The title of this blog post comes from a post by Ainissa Ramirez on gender and racial bias in the workplace. It’s a lovely turn of phrase even for such an ugly thing. We might think of the science fields as being more neutral and unbiased. I mean, it is science, right? Not so much.
Researchers in Connecticut looked at gender bias in university science departments. And they did it very simply. They submitted application materials of a student for a lab manager position to 127 Biology, Chemistry and Physics faculty from 6 different (anonymous) universities (3 public and 3 private). The researchers were careful to make sure the faculty participating in the study matched the demographics of their overall academic departments. The samples also (impressively) matched national demographics in hard sciences departments. Here’s how the authors describe their sample of 127 science faculty:
74% male, 26% female.
81% White; 6% East Asian; 4% South Asian; 2% Hispanic; 2% African American; 2% multiracial; and 1% each for Southeast Asian, Middle Eastern and other.
Average age was 50.34 years with a range from 29 to 78 years of age.
18% were Assistant Professors; 22% were Associate Professors; and 60% were Full Professors.
40% were Biologists; 32% were Physicists; and 28% were Chemists.
In short, this was a sample of science faculty with diverse backgrounds, a range of experience in academia and they were representative of the country’s Science faculty demographically.
The only difference between the application materials faculty were given for the lab manager position was that one applicant was female (Jennifer) and the other was male (John). The application materials gave the same information on Jennifer/John’s credentials. The only difference between Jennifer and John’s applications were the changing of the name and gender related pronouns. Here’s what faculty participant’s saw in Jennifer’s application for example:
You probably know what’s going to happen but we’ll say it anyway and point out that this has not yet been published officially so it’s very, very recent research and not something that’s been out there for decades. There were no differences in how male and female faculty responded to any given application in terms of rating the applicant’s competence, suitability for hire, offers of mentoring, or the initial salary offer. There were also no differences related to the faculty member’s field of specialization (Biology, Chemistry or Physics). However, every issue was significantly different (“with effect sizes ranging from moderate to large”) depending on whether the applicant was male or female.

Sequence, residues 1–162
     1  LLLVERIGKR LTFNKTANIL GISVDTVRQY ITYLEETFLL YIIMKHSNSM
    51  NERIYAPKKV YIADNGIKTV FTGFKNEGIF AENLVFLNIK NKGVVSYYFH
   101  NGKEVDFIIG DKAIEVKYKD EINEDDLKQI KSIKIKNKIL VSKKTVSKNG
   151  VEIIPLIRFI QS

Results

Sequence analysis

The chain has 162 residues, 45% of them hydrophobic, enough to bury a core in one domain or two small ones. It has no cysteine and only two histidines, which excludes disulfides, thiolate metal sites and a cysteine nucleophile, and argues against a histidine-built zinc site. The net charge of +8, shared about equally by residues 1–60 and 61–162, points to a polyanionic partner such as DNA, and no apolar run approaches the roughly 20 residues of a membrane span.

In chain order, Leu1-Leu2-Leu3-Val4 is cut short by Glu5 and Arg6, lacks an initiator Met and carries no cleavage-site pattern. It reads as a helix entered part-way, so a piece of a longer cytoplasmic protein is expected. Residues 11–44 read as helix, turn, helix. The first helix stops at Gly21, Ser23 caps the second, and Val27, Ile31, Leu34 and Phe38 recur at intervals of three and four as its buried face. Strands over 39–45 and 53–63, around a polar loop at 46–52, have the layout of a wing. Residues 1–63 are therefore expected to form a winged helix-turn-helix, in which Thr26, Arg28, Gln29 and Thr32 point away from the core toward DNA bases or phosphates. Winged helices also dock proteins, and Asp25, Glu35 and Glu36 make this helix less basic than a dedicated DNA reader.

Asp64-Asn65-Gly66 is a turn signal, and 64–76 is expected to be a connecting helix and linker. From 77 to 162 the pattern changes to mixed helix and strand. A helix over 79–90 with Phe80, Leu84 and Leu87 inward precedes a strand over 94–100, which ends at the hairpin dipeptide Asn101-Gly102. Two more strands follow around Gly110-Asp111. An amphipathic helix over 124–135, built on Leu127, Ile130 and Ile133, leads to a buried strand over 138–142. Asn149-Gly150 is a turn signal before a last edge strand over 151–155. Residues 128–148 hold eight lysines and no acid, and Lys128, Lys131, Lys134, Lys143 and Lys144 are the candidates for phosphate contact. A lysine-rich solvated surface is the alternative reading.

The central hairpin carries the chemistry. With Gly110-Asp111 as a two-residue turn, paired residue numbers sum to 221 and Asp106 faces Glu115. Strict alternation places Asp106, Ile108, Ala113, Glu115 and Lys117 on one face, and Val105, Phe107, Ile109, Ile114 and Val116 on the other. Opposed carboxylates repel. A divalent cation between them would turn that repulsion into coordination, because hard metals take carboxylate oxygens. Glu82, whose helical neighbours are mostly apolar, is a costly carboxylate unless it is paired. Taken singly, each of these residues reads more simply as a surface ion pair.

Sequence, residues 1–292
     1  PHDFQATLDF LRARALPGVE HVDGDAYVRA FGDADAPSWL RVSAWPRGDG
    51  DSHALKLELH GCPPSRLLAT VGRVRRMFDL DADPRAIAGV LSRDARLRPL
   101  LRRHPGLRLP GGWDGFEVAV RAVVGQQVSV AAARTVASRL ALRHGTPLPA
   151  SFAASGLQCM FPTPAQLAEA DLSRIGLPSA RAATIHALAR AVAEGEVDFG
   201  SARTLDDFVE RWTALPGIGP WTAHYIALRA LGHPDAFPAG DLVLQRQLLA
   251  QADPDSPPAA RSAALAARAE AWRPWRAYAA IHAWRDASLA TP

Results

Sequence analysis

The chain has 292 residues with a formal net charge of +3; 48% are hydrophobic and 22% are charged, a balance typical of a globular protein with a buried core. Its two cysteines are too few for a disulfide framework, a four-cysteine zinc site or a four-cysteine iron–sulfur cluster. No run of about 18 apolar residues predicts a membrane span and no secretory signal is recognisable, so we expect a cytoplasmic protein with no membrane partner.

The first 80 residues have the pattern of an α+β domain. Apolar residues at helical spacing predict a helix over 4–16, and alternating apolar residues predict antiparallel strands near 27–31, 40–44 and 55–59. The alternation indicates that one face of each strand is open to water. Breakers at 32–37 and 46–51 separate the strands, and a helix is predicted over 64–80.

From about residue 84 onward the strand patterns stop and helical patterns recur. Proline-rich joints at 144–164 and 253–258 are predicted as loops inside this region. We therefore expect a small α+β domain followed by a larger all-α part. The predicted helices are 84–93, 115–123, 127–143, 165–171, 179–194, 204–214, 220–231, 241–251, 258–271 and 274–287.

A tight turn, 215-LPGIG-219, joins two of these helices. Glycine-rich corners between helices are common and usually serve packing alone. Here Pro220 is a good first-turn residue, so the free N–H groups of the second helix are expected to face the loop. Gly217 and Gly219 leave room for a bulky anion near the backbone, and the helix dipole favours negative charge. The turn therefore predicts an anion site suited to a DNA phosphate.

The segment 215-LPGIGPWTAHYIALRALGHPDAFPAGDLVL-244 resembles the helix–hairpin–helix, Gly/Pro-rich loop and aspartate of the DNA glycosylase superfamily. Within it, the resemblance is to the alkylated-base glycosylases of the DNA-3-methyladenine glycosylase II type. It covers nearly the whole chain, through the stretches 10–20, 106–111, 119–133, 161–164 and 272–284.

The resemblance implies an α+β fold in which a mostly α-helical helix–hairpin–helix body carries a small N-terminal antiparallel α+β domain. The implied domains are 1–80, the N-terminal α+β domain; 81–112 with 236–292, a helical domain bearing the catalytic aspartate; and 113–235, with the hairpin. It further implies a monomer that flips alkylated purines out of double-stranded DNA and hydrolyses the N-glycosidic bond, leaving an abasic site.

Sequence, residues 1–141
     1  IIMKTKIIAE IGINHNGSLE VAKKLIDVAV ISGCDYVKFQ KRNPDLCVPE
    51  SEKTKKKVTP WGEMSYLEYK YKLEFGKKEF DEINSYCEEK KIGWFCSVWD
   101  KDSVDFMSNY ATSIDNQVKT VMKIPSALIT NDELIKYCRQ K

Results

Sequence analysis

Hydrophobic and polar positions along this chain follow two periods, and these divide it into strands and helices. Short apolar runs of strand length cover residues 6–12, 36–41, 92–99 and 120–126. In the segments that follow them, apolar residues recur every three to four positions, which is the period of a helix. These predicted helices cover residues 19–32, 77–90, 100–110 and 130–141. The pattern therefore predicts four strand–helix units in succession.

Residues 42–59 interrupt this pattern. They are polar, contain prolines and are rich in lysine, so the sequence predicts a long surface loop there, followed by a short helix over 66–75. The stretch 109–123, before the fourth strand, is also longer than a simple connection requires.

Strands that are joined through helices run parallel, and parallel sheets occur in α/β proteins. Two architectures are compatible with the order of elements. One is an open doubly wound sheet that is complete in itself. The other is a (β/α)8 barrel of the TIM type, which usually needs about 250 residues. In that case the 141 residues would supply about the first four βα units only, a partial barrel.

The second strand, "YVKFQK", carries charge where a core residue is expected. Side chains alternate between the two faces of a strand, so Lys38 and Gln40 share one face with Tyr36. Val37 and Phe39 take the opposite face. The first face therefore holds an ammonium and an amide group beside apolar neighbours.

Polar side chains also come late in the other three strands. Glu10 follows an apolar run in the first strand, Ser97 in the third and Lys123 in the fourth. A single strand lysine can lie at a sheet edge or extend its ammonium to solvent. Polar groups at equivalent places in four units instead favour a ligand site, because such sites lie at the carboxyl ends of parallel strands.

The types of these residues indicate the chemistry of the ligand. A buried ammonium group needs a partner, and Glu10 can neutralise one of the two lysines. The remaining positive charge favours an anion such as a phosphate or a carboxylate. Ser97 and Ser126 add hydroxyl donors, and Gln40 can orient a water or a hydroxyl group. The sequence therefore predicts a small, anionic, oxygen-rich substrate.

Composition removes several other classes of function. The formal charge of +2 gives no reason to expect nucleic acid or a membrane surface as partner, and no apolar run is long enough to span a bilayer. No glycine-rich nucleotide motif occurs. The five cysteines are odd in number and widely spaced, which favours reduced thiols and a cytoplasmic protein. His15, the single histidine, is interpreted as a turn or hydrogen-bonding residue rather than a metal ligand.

Faculty participants (both male and female) viewed the female applicant as less competent and less hireable than the male applicant.
They offered less mentoring to the female applicant than to the male applicant.
They offered the female applicant an average annual salary of $26,507.94 and the male applicant was offered an average salary of $30,238.10.
The researchers had also had faculty members complete the Modern Sexism Scale. As they examined the faculty scores on that scale (comprised of questions so objectionable they could make you ill) they found that “the more preexisting subtle bias the participants exhibited against women, the less competence and hireability they perceived in the female applicant and the less willing they were to offer her mentoring”. In other words, the scale was validated against the observable behavior of these faculty members. The researchers believe that subtle biases against women made the faculty more likely to hire and mentor the male student applicant. Oddly, the faculty reported they liked the female applicant more. (They just didn’t want to hire or mentor her as much as the male.) I guess the women were lovely. Just not worthy.
It’s another affirmation of Sheryl Sandberg’s book. And it’s a current story about gender bias in the ivory tower for those of us who may believe this sexism stuff is a thing of the past. Whether you are a science major, a plaintiff or defendant in a lawsuit, or an attorney–gender matters. We have to work to find ways to have it not factor into our decisions so insidiously. In the classroom, in the conference room, in the courtroom, and, in the deliberation room.
Moss-Racusin CA, Dovidio JF, Brescoll VL, Graham MJ, & Handelsman J (2012). Science faculty’s subtle gender biases favor male students. Proceedings of the National Academy of Sciences of the United States of America, 109 (41), 16474-9 PMID: 22988126